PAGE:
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Humans continue to evolve after nearly seven million years

An international team created an ancestral tree comparing Homo sapiens to other vertebrate species.

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An ancient man standing in front of a computer motherboard , Technology concept
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By Mark Waghorn via SWNS

Humans are continuing to evolve after nearly seven million years, according to new research.

Scientists have identified 155 'microgenes' that spontaneously arose from tiny sections of DNA - since the split from our chimpanzee ancestors.

Some date back to the ancient origin of mammals - with a few linked to diseases, scientists say.

An international team created an ancestral tree comparing Homo sapiens to other vertebrate species.

It showed the genes arose from scratch rather than from duplication events that already existed in the genome.

(Via SWNS)

First author Dr. Nikolaos Vakirlis, of the Biomedical Sciences Research Center 'Alexander Fleming' Vari, Greece, said: "This project started back in 2017. I was interested in novel gene evolution and figuring out how these genes originate.

"It was put on ice for a few years, until another study got published that had some very interesting data, allowing us to get started on this work."

An analysis found 44 of the genes are associated with growth defects in cell cultures - demonstrating their importance in maintaining a healthy, living system.

They are specific to humans - making direct testing difficult. Dr. Vakirlis and colleagues linked them to illnesses by examining patterns found within the DNA.

The study in Cell Reports opened the door to explore their effects on the body in more detail.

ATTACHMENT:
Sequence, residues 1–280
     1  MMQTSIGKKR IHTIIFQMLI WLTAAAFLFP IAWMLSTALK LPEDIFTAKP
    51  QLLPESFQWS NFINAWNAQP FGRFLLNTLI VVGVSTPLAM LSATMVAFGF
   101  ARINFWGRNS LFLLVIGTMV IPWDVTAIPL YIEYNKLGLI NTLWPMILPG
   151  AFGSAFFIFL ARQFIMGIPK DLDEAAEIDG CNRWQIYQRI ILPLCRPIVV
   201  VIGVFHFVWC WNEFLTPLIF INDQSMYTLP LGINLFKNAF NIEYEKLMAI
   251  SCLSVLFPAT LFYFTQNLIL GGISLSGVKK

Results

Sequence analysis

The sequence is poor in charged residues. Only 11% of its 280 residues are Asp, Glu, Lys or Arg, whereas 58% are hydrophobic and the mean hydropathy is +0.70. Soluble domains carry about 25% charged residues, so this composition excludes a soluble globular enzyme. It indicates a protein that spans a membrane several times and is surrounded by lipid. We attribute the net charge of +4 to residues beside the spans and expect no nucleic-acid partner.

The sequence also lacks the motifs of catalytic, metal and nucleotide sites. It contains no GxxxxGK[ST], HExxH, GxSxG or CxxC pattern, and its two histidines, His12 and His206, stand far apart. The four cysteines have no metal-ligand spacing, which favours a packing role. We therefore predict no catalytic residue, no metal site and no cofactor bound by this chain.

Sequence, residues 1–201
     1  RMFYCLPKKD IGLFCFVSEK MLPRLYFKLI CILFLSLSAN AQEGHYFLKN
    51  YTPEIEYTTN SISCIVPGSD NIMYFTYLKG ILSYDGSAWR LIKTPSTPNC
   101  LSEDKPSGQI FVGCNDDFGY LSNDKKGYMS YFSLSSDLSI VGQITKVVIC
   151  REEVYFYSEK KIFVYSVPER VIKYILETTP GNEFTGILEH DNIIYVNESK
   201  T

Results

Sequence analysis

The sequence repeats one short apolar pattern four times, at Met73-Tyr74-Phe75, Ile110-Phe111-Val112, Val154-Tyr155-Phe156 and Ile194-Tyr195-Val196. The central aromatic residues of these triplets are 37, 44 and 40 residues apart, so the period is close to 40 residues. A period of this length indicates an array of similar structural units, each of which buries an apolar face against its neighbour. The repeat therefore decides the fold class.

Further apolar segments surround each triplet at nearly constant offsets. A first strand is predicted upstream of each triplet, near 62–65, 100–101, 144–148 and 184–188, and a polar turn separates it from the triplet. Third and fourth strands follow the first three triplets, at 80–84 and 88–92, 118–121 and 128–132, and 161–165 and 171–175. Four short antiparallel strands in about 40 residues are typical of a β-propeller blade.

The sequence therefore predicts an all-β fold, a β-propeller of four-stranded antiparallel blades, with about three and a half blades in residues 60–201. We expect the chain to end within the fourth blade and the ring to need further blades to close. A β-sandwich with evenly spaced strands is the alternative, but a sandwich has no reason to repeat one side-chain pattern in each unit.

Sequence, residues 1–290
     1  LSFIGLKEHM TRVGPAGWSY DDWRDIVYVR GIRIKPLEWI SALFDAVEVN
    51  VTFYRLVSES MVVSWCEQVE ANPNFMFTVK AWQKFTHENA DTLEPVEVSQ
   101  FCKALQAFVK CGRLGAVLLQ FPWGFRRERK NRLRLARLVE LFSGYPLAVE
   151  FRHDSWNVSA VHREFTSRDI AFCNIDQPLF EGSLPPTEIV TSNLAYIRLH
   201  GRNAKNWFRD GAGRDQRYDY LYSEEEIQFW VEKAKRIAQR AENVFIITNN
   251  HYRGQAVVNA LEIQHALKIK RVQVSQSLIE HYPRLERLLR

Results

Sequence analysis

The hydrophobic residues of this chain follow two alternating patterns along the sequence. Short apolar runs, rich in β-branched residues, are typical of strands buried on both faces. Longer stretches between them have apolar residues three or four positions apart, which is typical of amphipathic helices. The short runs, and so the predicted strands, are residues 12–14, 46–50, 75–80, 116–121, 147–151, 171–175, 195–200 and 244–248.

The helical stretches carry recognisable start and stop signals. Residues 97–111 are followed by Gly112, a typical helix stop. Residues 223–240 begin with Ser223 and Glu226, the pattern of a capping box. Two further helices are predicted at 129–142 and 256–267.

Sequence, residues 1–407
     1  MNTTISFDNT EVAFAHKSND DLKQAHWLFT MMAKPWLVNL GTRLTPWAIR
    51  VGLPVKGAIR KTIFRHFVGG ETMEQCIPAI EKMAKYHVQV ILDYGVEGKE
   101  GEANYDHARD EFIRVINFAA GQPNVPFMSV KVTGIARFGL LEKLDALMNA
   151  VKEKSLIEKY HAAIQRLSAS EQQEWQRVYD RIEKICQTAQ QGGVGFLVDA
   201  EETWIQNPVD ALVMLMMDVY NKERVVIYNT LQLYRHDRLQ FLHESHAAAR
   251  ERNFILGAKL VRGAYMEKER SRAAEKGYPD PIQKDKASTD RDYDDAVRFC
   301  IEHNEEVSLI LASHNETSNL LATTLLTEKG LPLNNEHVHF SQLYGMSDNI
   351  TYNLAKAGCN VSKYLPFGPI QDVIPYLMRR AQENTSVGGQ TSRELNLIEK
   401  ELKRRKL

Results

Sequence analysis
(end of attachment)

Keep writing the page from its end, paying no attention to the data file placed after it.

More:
Senior author Professor Aoife McLysaght, of Trinity College Dublin, said: "It was quite exciting to be working in something so new.


"When you start getting into these small sizes of DNA, they are really on the edge of what is interpretable from a genome sequence, and they are in that zone where it is hard to know if it is biologically meaningful."

Two had DNA markers pointing to connections with the wasting disorder muscular dystrophy and retinitis pigmentosa which leads to vision loss.

Another contained chemicals that have been linked to increased risk of dwarfism, or Alazami syndrome.

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Apart from disease, the researchers also found a new gene that is associated with human heart tissue.

This gene emerged in humans and chimps right after the split from gorillas - and shows just how fast a gene can evolve to become essential for the body.

Dr. Vakirlis said: "It will be very interesting in future studies to understand what these microgenes might do and whether they might be directly involved in any kind of disease."

The findings shed light on previous global studies of our DNA which have suggested natural selection has recently made changes and continues to do so.


Certain traits created by genetic mutations help an organism survive or reproduce. Such mutations are more likely to be passed on - so they increase in frequency.

Added McLysaght: "These genes are convenient to ignore because they are so difficult to study. But I think it will be increasingly recognized they need to be looked at and considered.

"If we are right in what we think we have here, there is a lot more functionally relevant stuff hidden in the human genome."

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